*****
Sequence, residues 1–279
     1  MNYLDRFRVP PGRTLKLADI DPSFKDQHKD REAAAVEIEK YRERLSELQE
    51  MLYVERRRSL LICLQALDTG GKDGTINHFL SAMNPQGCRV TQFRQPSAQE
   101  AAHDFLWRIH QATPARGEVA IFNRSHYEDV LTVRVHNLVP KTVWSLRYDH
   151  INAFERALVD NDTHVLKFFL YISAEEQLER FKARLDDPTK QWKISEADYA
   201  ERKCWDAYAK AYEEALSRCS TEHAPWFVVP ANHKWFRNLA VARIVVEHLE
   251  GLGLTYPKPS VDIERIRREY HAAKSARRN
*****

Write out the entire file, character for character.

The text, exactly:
Sequence, residues 1–279
     1  MNYLDRFRVP PGRTLKLADI DPSFKDQHKD REAAAVEIEK YRERLSELQE
    51  MLYVERRRSL LICLQALDTG GKDGTINHFL SAMNPQGCRV TQFRQPSAQE
   101  AAHDFLWRIH QATPARGEVA IFNRSHYEDV LTVRVHNLVP KTVWSLRYDH
   151  INAFERALVD NDTHVLKFFL YISAEEQLER FKARLDDPTK QWKISEADYA
   201  ERKCWDAYAK AYEEALSRCS TEHAPWFVVP ANHKWFRNLA VARIVVEHLE
   251  GLGLTYPKPS VDIERIRREY HAAKSARRN